In 2011, global tech visionary and investor Marc Andreessen declared, “Software is eating the world.” His message was bold but clear: technology had reached a point where it was capable of transforming industries on a global scale. 

The technology constraints of the past were gone. The possibilities for the future were endless. 

Of course, this was not ‘news’ for nimble disrupters like Amazon and Netflix. They were already living this reality. At the time Andresson’s post went live, Amazon was already a ‘software’ company and preparing to enter the tablet market with the launch of its Kindle Fire device. 

In contrast, within a month of Andressen’s post, Blockbuster – bought out of bankruptcy – tried to launch a digital rival to Netflix – Blockbuster Movie Pass. It was too little, too late. Ultimately, its failure to adapt to the software revolution led to its demise, allowing Netflix to flourish in its wake.

As software becomes everything, everything becomes software

While some were sceptical of Andressen’s projections at the time, he was spot on. From shopping to entertainment to how we manage our health and money, software has become the backbone of everything we do. Every business relies on it. It’s impossible to imagine life without it.

Fast-forward to today, and we hear the same bold predictions about artificial intelligence (AI). Of course, AI is not new; it’s been in the making for many years. Even back in 2011, there were rumblings of its potential with the launch of Siri and IBM Watson’s victory on Jeopardy. Despite a few false starts, this time is different. AI is here to stay. It’s no longer a question of if it will transform organisations but rather when and how.

Just as software has become the beating heart of every organisation, AI is now poised to take it to the next level.

So, what does this shift mean for your organisation, and what can you do to stay ahead?

AI—a new kind of software for solving problems

It is important to realise that AI is not a parallel or separate technology that competes with traditional software but rather an evolutionary advancement that extends and amplifies its capabilities. As a result, software can now address complex problems that were traditionally the domain of humans or were thought to be beyond human capability.

In reality, despite software ‘eating the world’, many business challenges and customer experiences have largely remained the same. While they may have moved from a physical to a digital form, human intervention is still needed to make them work. For example, in most customer service centres, humans still answer emails. 

But AI is changing this. For instance, Klarna’s AI assistant is now handling over 2.3 million conversations, nearly two-thirds of Klarna’s customer service chats.

AI offers a new kind of software. Software that can adapt and learn can change based on what it observes about the world from the data that it consumes, and ultimately, it brings software to a whole host of business problems that previously had been the sole domain of human decision-makers or had been at a scale where human decision making just wasn’t possible. Putting it this way, we can clearly see how software is just now beginning to meet its full potential in terms of efficiency and solving problems.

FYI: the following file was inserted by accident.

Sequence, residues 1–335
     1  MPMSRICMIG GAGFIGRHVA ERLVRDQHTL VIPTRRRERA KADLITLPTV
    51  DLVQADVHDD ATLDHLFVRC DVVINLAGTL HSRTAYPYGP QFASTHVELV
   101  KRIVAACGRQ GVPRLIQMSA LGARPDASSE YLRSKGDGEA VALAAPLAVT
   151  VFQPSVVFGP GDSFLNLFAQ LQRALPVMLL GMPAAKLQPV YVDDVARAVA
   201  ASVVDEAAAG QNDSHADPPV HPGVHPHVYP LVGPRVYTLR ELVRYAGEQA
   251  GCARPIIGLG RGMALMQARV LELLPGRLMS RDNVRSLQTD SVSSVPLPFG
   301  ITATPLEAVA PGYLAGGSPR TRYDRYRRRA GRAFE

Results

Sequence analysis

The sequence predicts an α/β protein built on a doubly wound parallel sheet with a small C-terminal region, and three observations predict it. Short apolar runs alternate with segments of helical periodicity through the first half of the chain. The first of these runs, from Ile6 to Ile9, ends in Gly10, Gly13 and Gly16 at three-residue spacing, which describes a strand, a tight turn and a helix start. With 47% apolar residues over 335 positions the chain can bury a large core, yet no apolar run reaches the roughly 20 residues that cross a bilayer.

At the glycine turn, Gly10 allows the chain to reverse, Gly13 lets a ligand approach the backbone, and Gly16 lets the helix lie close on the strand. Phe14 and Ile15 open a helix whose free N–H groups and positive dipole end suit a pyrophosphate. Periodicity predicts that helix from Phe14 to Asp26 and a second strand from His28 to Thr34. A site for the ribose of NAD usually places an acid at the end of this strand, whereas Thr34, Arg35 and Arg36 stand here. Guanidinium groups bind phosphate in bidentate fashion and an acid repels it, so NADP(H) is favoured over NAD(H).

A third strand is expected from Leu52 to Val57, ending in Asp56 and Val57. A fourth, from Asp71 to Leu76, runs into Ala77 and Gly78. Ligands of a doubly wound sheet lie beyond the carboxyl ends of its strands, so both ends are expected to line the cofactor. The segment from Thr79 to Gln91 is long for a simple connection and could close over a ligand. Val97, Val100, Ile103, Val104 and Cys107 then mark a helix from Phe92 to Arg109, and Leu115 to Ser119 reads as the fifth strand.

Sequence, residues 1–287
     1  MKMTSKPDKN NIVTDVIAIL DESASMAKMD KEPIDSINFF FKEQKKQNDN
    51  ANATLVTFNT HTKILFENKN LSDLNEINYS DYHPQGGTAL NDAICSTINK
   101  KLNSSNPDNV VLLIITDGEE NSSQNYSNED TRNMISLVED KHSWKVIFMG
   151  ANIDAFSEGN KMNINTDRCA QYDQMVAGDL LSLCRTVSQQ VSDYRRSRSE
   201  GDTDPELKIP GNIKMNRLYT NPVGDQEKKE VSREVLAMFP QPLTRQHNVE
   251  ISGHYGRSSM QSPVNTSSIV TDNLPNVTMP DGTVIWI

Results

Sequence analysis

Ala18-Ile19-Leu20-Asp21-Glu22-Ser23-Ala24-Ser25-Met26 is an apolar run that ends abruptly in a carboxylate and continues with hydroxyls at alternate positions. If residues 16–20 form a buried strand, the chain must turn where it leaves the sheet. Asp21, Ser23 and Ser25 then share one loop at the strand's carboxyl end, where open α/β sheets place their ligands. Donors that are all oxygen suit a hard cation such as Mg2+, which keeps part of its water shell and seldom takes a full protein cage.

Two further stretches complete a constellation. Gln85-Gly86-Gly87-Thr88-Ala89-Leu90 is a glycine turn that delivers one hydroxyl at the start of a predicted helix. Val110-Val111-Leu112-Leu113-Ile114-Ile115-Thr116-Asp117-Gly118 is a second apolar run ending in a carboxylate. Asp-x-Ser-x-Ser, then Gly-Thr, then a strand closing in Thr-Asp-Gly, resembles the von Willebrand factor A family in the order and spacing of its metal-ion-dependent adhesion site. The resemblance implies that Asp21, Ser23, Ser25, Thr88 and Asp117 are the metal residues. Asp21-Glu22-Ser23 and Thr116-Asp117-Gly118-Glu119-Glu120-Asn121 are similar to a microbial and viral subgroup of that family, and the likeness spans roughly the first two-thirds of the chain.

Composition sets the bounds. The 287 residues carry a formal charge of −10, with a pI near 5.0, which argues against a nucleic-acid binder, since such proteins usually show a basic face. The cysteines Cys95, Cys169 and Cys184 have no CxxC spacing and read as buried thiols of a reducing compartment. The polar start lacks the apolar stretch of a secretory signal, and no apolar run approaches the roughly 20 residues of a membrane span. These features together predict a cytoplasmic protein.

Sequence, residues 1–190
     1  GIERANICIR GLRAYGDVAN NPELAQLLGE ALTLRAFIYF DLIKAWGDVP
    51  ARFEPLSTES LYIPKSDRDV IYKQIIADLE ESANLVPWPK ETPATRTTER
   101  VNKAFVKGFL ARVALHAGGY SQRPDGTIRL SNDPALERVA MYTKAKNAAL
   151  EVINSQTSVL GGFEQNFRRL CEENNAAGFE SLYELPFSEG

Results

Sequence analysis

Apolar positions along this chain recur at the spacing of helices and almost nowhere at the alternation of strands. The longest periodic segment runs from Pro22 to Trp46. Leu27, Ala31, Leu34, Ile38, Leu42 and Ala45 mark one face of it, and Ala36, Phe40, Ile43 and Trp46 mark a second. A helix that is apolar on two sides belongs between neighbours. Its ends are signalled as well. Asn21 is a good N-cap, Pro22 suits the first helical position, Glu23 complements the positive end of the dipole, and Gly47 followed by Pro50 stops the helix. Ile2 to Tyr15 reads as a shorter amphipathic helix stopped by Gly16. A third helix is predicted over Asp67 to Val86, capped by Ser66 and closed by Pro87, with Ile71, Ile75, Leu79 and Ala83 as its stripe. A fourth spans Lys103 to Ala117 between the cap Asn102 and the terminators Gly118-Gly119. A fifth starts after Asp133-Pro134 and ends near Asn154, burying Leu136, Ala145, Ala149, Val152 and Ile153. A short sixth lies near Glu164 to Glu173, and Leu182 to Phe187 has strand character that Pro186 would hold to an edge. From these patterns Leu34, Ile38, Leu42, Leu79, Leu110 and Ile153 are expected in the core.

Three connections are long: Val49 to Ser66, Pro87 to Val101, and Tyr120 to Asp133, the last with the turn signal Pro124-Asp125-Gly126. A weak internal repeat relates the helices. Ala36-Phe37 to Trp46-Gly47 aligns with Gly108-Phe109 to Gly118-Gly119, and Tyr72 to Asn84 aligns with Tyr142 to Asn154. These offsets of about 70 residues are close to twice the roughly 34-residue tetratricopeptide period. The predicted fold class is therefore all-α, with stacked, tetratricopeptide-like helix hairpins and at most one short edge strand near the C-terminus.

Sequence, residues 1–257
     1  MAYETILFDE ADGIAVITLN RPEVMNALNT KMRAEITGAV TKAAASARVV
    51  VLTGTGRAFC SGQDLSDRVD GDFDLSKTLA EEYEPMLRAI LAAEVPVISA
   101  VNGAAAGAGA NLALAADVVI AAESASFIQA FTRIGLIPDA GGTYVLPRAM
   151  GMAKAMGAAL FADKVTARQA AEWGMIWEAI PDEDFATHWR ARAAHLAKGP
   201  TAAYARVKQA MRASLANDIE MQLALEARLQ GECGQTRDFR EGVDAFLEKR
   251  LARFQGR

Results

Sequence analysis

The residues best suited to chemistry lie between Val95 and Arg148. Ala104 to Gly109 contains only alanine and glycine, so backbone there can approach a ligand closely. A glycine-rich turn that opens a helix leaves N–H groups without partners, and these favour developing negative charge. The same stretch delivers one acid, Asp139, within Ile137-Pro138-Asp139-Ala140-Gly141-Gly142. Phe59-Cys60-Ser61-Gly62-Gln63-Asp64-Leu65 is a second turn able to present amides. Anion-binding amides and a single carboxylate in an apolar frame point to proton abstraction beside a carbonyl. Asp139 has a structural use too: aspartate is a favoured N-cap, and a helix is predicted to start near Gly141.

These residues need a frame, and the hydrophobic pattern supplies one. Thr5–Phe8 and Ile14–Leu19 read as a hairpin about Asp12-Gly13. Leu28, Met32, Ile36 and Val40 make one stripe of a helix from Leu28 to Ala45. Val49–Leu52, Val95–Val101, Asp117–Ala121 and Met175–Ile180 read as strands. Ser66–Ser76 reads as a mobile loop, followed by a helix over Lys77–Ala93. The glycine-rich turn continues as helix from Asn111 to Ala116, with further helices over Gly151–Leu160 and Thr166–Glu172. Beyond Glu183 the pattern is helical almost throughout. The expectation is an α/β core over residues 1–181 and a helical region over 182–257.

AI—a new kind of software for decision-making

It’s crucial to frame these problems as decisions in order to understand how AI can really help and benefit your organisation.

Decisions made by traditional software have long been meme-worthily characterised as “Computer says ‘no.’” That’s because traditional software is rigid, inflexible, and incapable of learning. AI, on the other hand, is flexible and can learn and develop continuously.  This makes it a powerful tool for organisations to simplify processes, improve customer experiences, and extract valuable data to make smarter decisions.

The best way to uncover AI’s potential in your organisation is to start by asking yourself: How can AI assist and complement my human decision-makers?

AI solutions to these problems will vary depending on a number of factors. Humans will continue to be necessary for some decisions. You can read more about our views on this here.

Don’t fear AI, embrace it.

As a technologist, AI practitioner, and someone who is genuinely passionate about an AI-enabled future, I want to encourage you to take action today. Don’t wait for tomorrow and miss out on opportunities this era offers.

At Faculty, we’ve had the privilege of being at the forefront of developing AI capabilities for over a decade now. It is exciting to see the new types of problems it is solving for our customers, and we know there is still so much potential to explore.

To echo Marc Andreessen’s recent words, “AI can make everything we care about better.” Imagine what that could mean for your organisation’s future.

Need help getting started? Let’s talk about how we can support your organisation to get on the right track with AI. Click here to contact our team.

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